The Comptometer was invented by Dorr E. Felt of Chicago in the mid-1880s and subsequently improved. It was best for addition and subtraction, but could be used to multiply quite easily.

The Marchant brothers began by importing machines from France, rather than making them in the United States. By the time of World War I, they had designed machines themselves and manufactured them in Oakland, California. Their company later hired Swedish-born immigrant Carl Friden, who redesigned their products to include not only an electric motor but keys rather than levers for entering numbers.

Friden went on to sell calculating machines under his own name. They not only did arithmetic, but, by the 1950s, took square roots.

Products of the Monroe Calculating Machine Company had their roots in work of 19th century American inventor Frank S. Baldwin and businessman James Monroe. During World War II, several Langley human computers consulted on a Monroe publication on solving algebraic equations with calculating machines.

Even after speedier and more powerful programmable computing devices became available, people continued to use calculating machines. Only the electronic calculators of the 1960s and 1970s displaced them entirely.

Computing at Langley continued after World War II. In 1946 the laboratory received one of the most sophisticated reliable computing devices then available, a relay calculator designed at Bell Telephone Laboratories in New York City. It was called the BTL Model V (earlier versions had been called the Model I, II, III, and IV). With about 9,000 relays and 55 types of teletype equipment, the BTL Mod V weighed around ten tons and cost about \$500,000 at the time. It was at Langley until about 1958, when it was donated to Texas Technological College. However, the truck taking it to Texas tipped over, causing serious damage, and what was left ended up being used as spare parts for a second BTL Mod V, which had been built for the U.S. Army. These details come from the article “Early Digital Computers at Bell Telephone Laboratories,” published by M.M. Irvine in 2001. Portions of this second Mod V eventually ended up in the Smithsonian collections.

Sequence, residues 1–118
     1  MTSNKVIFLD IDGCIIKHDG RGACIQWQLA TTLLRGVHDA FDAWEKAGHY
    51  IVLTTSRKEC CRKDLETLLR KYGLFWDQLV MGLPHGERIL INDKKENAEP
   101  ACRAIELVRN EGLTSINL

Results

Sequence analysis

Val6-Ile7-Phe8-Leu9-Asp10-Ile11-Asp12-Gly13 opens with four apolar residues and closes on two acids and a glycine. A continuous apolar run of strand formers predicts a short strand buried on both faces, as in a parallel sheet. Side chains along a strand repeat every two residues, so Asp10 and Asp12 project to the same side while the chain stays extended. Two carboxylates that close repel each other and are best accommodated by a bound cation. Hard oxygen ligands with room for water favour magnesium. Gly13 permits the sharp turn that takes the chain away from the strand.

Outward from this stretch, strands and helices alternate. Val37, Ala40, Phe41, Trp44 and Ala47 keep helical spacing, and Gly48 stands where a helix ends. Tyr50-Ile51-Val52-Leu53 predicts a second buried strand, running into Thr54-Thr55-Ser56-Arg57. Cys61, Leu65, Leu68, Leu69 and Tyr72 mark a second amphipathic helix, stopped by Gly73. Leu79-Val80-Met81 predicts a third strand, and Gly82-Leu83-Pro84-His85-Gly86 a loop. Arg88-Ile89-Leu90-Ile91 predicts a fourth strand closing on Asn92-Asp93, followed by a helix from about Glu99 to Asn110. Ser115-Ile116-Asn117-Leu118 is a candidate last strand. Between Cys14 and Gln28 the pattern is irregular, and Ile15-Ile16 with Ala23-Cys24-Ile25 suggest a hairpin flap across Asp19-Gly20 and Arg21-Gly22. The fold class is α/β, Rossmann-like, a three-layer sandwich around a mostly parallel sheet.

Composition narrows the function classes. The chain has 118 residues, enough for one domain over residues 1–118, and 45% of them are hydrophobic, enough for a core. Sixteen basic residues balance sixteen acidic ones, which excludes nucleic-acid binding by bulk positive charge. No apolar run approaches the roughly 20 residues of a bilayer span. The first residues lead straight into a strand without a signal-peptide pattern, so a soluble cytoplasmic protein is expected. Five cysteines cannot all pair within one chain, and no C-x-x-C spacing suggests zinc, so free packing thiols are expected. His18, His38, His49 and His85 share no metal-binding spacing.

The BTL Mod V, unlike calculating machines, plays no role in Hidden Figures.

Langley soon began using IBM business computers like the Card Programmed Calculator. By 1957 it acquired an IBM 704 for aeronautical research. All of these computers used vacuum tubes. In 1960 Langley acquired the transistorized IBM 7090, a computer that is featured in the movie.

These new computers required far more tending than those available today. Some people learned to write programs, that is to say lines of code that told the computer what to do. At Langley, they used FORTRAN, a programming language developed by IBM for use on its products. Computer operators typed up programs on special punched cards that then were fed into the computer. An example of an IBM 7090, as well as IBM manuals giving instructions on programming it in FORTRAN, survive at the National Museum of American History.

Peggy Aldrich Kidwell is curator of mathematics.